Saturday, April 2, 2016

Native American Biography: Navajo During the Navajo War and Bosque Redondo: Narbona, Manuelito, Delgadito, Barboncito


Manuelito was war chief during the time of the Navajo War.  The Navajo were generally peaceful to the Whites, but this attitude began to change.  Narbona was an influential medicine man who sued for peace when a force from New Mexico came to Navajo country under the command form Colonel John Washington.  After signing the treaty, a volunteer from new Mexico felt he recognized his stolen horse among the Navajo.  He insisted on its return, but the current owner had not stolen the horse.  He left.  Colonel Johnson, siding with the New Mexican said he could take any horse.  So the rest of the Navajo warriors began to flee as well.  Johnson order his troops to open fire.  Seven Navajo were killed, among them Narbona, who was scalped as he lay dying by one of the New Mexico volunteers.   More warlike Navajos such as Manuelito began to have greater influence as a result.  Manuelito was born in southeast Utah and became a war chief when his father-in-law was killed by federal soldiers.
As part of the treaty, the Americans began to establish forts.  One of these was Fort Defiance.  During a time of drought, the Navajo asked the Americans not to grace their animals on prime agricultural land close to the fort.  The Americans insisted and killed several cattle and horses belonging to Manuelito.  The Navajo responded by killing some of the Americans.  This is known as the first battle of Fort Defiance.
In the second battle of Fort Defiance, Manuelito had a group of 1000 attack the fort.  He was helped by Barboncito, and Barboncito's brother Delgadito.  Both Barboncito and Delgadito were medicine men.  Delgadito would learn silversmithing from a Mexican craftsman.  He would also learn metal techniques from an American.  he then turned around and taught others silversmithing and metal work.  This is now the most important source of income to the Navajos.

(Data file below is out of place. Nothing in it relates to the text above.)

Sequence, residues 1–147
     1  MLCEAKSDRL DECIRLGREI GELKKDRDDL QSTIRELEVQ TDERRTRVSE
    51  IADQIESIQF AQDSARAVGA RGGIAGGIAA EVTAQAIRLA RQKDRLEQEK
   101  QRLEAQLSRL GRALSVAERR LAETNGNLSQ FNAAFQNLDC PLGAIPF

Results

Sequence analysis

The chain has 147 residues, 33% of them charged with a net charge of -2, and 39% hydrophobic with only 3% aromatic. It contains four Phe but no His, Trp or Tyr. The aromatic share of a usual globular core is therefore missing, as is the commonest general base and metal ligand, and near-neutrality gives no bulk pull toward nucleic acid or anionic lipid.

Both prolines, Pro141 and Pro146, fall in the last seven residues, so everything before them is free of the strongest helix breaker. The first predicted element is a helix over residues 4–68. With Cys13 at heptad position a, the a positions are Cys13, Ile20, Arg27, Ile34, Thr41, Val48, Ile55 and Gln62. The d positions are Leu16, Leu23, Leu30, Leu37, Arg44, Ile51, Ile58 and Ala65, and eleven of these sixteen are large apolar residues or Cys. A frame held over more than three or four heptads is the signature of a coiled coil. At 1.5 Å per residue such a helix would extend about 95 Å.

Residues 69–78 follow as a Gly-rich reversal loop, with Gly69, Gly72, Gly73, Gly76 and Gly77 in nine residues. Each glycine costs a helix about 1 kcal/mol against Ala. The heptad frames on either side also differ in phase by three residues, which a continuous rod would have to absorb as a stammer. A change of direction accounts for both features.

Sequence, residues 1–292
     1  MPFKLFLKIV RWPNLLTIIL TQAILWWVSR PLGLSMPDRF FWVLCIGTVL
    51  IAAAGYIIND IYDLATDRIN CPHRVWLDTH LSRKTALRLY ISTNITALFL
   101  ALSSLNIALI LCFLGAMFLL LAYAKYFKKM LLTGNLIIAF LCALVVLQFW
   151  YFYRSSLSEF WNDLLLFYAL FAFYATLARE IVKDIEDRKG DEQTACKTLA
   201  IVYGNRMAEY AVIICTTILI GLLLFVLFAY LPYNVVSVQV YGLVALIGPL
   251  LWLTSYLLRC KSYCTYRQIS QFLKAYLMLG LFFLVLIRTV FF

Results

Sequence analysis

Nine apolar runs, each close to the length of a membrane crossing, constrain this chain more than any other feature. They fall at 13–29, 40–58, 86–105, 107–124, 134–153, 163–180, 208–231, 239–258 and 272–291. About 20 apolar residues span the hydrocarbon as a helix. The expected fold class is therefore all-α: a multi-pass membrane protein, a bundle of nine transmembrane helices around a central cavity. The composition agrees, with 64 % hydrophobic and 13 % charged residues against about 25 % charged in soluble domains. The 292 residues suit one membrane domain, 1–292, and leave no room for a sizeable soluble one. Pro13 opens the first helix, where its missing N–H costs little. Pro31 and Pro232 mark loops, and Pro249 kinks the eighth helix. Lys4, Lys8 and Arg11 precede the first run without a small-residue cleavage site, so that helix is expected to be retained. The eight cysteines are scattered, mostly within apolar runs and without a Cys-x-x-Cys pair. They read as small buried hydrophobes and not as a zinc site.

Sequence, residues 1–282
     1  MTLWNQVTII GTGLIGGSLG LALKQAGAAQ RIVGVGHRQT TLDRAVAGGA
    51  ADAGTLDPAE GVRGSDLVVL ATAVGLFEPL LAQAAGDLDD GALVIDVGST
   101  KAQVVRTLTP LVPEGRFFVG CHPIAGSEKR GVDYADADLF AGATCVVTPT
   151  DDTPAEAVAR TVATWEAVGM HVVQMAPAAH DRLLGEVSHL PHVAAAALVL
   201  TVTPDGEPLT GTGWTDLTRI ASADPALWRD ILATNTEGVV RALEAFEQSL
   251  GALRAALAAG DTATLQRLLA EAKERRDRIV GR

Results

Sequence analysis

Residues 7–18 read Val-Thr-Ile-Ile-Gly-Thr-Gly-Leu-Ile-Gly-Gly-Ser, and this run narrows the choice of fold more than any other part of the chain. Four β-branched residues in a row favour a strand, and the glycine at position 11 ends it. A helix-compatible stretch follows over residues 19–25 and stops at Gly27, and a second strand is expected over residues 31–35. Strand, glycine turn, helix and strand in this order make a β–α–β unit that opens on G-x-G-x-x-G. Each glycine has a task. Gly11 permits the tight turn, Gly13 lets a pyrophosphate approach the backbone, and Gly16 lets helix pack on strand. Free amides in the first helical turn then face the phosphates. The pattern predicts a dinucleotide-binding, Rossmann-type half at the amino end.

During early periods of the Civil War, as the attention of many of the federal resources were turned elsewhere, the Navajo were able to increase their raids.  However, in 1864, the governor of New Mexico told all the Navajo chiefs, they must cede their lands and move to Bosque Redondo, and area in New Mexico so named because of a small forest.  This was an area forty square miles on the Pecos River where the Native Americans, Navajo and Apache, were to learn farming.
Kit Carson carried out the campaign to move the Navajo to the reservation; a 300 mile walk from their homeland.  To convince them to go he engaged in a scorched earth policy.  The corn fields and cattle of the Navajo were destroyed, until starvation was the norm.  Slowly the warring parties were forced to surrender first in 1864.  The last was Manuelito in 1866.  They had been told the stay would be for but a few months, but months turned into years.  Many Navajo dyed on "The Long Walk" to the reservation, and many more dyed after arriving their.  The water from the river was brackish, and quickly the wood supply was exhausted.
William Sherman was sent to investigate poor conditions in 1868.  He negotiated a treaty which allowed the Navajo to return to their homeland, the four corners area, but with a reduced size.  Upon given this privilege Barboncito said, "We do not want to go to the right or the left, but straight back to our country."
Ganado Mucho also played a prominent part in first attempted to keep the peace, and then making the march to Bosque Redondo.  He had attempted to move his people north, the the Grand Canyon area but they could not feed themselves, so the surrendered to the army.  During the long walk, two of his daughters were kidnapped by Mexicans; and while at Bosque redondo one of his sons was killed by Comanche.  He was part of the negotiations which allowed the return home of the Navajo.

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